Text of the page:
A new accounting rule for reporting leases goes into effect in 2019 for public companies. Although private companies have been granted a one-year reprieve, no business should wait until the last minute to start the implementation process. Some recently revised guidance is intended to ease implementation. Here’s an overview of what’s changing.
Old rules, new rules
Under the existing rules, companies must record lease obligations on their balance sheets only if the arrangements are considered financing transactions. Few arrangements get recorded, because accounting rules give companies leeway to arrange the agreements in a way that they can be treated as simple rentals for financial reporting purposes. If an obligation isn’t recorded on a balance sheet, it makes a business look like it is less leveraged than it really is.
In 2016, the Financial Accounting Standards Board (FASB) issued a new standard that calls for major changes to current accounting practices for leases. In a nutshell, Accounting Standards Update (ASU) No. 2016-02, Leases (Topic 842), will require companies to recognize on their balance sheets the assets and liabilities associated with rentals.
Most existing arrangements that currently are reported as leases will continue to be reported as leases under the new standard. In addition, the new definition is expected to encompass many more types of arrangements that aren’t reported as leases under current practice.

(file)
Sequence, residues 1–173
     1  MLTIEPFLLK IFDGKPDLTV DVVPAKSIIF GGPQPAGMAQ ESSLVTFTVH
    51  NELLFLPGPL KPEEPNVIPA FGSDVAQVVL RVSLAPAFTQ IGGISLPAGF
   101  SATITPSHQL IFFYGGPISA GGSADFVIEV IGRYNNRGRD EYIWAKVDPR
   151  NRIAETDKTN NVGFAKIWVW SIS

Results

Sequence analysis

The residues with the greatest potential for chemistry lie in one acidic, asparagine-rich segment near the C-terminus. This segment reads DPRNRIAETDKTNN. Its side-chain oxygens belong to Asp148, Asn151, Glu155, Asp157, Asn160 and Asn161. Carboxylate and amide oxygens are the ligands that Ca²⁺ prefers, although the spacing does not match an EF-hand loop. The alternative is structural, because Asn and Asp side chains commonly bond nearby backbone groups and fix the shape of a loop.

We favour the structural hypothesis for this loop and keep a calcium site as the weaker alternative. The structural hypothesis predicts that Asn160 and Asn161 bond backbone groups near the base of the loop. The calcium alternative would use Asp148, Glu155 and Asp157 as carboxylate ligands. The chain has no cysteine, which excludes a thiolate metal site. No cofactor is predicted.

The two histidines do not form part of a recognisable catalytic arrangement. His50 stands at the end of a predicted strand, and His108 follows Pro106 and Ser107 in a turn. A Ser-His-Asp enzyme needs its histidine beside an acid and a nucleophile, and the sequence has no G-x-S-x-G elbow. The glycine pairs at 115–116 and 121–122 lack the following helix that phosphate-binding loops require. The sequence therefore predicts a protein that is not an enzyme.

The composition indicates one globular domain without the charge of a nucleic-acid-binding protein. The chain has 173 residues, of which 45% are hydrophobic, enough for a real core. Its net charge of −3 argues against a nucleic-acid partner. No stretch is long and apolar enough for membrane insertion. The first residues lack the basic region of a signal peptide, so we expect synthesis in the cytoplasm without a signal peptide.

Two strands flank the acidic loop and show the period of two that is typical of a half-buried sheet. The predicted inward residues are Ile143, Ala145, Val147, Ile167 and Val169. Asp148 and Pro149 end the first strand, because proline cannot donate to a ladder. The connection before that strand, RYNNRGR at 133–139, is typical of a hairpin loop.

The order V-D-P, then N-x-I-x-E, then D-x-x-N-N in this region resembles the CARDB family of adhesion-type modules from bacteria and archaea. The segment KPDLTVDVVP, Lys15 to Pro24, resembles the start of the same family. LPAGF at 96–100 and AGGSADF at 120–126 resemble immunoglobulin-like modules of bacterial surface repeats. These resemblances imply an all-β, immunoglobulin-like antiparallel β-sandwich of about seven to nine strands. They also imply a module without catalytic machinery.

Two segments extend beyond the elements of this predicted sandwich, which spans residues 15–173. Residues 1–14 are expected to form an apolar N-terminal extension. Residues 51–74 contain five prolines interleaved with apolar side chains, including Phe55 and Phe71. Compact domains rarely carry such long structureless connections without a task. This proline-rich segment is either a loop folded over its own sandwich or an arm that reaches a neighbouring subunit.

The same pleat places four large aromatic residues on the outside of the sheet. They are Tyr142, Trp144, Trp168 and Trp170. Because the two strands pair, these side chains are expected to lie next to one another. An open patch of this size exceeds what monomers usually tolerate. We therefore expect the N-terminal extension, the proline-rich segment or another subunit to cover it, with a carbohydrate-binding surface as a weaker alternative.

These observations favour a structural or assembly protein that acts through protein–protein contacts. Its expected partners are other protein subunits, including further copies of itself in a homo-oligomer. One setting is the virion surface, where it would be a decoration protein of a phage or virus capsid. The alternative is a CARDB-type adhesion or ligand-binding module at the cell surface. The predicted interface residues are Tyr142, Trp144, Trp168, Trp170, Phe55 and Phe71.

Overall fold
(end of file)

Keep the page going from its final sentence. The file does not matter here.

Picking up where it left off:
Recently, the FASB revised two provisions to make the lease guidance easier to apply:
1. Modified retrospective approach. Upon adoption of the new lease accounting standard, companies may elect to present results using the current lease guidance for prior periods. This will allow management to focus on accounting for current and future transactions under the new rules — rather than looking backward at old leases.
2. Maintenance charges. On March 28, the FASB agreed to give lessors and property managers the option not to separately account for the fees for “common area maintenance” charges, such as security, elevator repairs and snow removal.
In addition, the FASB has provided a practical expedient to utilities, oil-and-gas companies and energy providers that hold rights-of-way to accommodate gas pipelines or electric wires. Under the revised guidance, companies that hold such land easements won’t have to sort through years of old contracts to determine whether they meet the definition of a lease. This practical expedient applies only to existing land easements, however.
The lease standard is expected to add more than $1.25 trillion of operating lease obligations to public company balance sheets starting in 2018. How will it affect your business? Contact us to help answer this question and evaluate which of your contracts must be reported as lease obligations under the new rules.